Marilyn Noronha (born 1952) is the author of a book of poems entitled Different Faces, published in 2003. A longstanding member of Mumbai’s Poetry Circle, she has published her work in various anthologies, including those published by Penguin India and Sahitya Akademi, as well as in national and international journals. She has also written plays and musicals for children, as well as short stories. She teaches music and creative writing in a school in Mumbai. She writes in English.
It is easy to be misled by the nursery-rhyme cadence that often informs Noronha’s poems, yet there is nothing jejune about this verse, and the darker moments are rendered all the more disquieting by the deliberately adopted singsong tenor. The resources of children’s verse are cannily used, and often abruptly splintered to give you a glimpse into a hinterland of inner darkness. ‘Jambul Tree’ is, on one level, a poem of a quiet unsung tree in a churchyard that never bore fruit, but which offered sanctuary to birds and little boys. But as the poem swivels around in the last line, the reader recognises that it is about much more than it initially seemed.
The nursery-rhyme strategy is at its most overt in a poem that starts out as a wry appraisal of the self in the mirror: “Mirror, mirror on the shelf / tells ghoulish tales about myself . . . / Points out wrinkles near my eyes, / shows I’ve grown to twice my size . . .” Colleagues and acquaintances, self-righteously candid, are also mirrors that point out “that my front tooth’s chipped, I’ve a double chin, / my glossy mane’s now listless and thin”. You read with progressive unease about the boss who believes “removing a gall bladder’s routine . . . and the same with the uterus”. And eventually the facile tripping rhythms uncover a voice of greater depth than anticipated.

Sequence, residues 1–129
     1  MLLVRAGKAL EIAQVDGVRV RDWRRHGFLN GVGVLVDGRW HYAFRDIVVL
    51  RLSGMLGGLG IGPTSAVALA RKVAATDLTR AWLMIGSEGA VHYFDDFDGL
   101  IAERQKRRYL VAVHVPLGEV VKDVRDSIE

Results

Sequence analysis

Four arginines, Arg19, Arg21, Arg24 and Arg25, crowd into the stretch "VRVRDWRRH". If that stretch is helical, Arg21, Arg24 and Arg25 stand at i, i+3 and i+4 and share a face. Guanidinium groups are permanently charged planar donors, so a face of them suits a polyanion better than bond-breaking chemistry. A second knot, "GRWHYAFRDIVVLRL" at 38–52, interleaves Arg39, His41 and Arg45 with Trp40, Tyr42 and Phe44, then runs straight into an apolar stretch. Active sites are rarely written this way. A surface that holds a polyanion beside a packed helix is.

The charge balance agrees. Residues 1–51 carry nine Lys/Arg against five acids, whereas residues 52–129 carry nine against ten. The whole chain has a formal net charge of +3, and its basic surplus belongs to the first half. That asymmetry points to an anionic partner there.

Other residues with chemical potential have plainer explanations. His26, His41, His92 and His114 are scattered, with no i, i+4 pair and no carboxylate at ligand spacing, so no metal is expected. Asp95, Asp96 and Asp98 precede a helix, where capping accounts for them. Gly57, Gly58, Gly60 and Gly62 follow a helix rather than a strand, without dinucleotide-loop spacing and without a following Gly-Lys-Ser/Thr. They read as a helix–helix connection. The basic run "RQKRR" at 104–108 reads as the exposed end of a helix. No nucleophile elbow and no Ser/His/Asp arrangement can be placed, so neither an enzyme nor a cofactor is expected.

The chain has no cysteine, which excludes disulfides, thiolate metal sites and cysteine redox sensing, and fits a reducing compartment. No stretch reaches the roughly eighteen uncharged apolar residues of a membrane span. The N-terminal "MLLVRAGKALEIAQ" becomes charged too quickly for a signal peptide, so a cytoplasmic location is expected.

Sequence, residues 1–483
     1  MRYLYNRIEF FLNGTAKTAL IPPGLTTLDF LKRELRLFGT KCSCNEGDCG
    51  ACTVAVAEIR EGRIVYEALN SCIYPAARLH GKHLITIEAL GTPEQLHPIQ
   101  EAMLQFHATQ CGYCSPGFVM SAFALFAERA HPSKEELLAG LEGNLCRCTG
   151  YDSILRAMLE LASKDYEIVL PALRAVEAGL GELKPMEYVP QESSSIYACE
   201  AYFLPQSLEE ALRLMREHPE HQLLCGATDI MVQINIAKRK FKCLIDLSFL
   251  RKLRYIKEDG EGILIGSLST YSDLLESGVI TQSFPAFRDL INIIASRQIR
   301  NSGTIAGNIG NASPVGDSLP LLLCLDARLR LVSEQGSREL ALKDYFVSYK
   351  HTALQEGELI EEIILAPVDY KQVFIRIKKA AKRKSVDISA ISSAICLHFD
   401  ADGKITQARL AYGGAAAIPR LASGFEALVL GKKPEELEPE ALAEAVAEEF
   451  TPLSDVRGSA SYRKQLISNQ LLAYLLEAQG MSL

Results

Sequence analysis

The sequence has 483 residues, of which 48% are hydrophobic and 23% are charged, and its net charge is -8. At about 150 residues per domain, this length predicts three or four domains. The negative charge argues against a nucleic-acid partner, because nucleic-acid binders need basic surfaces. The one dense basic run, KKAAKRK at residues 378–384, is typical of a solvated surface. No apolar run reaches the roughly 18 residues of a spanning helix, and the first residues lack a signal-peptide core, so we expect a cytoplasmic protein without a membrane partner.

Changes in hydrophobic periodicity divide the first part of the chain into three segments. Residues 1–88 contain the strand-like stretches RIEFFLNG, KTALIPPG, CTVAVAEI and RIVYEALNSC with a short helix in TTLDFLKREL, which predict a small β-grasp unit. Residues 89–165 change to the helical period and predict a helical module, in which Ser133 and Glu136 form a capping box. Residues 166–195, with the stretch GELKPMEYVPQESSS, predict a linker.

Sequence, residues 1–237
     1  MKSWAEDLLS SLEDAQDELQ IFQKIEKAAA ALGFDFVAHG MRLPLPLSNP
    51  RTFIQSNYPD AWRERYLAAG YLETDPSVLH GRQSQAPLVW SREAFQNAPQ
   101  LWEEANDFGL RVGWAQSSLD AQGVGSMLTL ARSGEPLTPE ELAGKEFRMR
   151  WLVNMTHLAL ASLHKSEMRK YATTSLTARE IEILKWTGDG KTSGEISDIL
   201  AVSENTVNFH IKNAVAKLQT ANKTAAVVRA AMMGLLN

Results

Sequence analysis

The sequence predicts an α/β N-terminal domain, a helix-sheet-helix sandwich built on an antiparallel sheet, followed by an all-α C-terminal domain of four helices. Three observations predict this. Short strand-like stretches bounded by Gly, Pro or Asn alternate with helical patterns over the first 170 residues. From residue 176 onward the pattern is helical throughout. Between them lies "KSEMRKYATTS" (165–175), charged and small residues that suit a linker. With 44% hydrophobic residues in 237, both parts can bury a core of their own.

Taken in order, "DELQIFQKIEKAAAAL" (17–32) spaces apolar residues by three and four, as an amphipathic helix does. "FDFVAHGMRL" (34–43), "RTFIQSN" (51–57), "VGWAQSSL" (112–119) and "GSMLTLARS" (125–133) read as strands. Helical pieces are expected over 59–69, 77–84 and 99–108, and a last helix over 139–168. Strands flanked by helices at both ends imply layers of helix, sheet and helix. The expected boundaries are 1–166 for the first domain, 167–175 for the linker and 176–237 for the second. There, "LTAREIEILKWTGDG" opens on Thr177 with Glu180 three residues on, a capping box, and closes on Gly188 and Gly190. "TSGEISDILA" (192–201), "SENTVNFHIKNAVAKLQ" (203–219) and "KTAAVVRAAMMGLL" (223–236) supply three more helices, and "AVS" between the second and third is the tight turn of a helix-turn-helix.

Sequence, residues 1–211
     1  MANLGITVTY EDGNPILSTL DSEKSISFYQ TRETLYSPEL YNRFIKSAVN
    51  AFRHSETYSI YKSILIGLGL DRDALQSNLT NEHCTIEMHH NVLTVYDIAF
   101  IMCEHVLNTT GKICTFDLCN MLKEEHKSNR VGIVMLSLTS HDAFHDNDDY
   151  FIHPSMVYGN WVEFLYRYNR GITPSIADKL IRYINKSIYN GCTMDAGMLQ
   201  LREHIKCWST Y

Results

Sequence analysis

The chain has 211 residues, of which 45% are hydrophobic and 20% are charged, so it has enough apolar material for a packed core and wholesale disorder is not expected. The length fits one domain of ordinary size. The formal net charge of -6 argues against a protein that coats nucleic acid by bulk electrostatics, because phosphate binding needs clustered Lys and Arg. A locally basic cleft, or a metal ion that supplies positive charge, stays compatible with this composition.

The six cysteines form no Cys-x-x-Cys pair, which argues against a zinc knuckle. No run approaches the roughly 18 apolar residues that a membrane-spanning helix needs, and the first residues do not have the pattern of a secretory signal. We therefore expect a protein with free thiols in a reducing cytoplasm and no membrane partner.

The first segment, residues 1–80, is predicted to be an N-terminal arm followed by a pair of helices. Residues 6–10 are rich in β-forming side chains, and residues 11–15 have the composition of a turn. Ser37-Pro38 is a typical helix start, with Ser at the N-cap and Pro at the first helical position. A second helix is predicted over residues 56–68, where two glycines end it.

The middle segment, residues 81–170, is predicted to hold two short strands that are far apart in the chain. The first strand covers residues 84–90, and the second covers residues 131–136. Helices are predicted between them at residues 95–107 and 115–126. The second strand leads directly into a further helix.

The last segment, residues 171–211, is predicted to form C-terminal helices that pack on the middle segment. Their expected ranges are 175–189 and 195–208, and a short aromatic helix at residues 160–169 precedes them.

My favourite Noronha poem is ‘My Fat Aunt’, which conjures a childhood world of nourishing warmth without ever turning sentimental. A hug from this fat aunt is not just an affirmation of love and belonging. It is about rescuing a childhood perception of life as joy, as discovery, as play, as festivity: “Cutlery sings and crockery dances . . . When we laugh together, / she and I, / everything feels perfect.”
Different Faces, Allied Publishers, Mumbai, 2003, ISBN 81-7764-528-5
In Anthology (Editors Makhija, Anju and Ramakrishnan, E V), We Speak in Changing Languages: Indian Women Poets 1990–2007, Sahitya Akademi, New Delhi
Open Space India: Some more of Marilyn Noronha’s poems.
The Hindu: Arundhathi Subramaniam reviews Different Faces, Marilyn Noronha’s book of poems.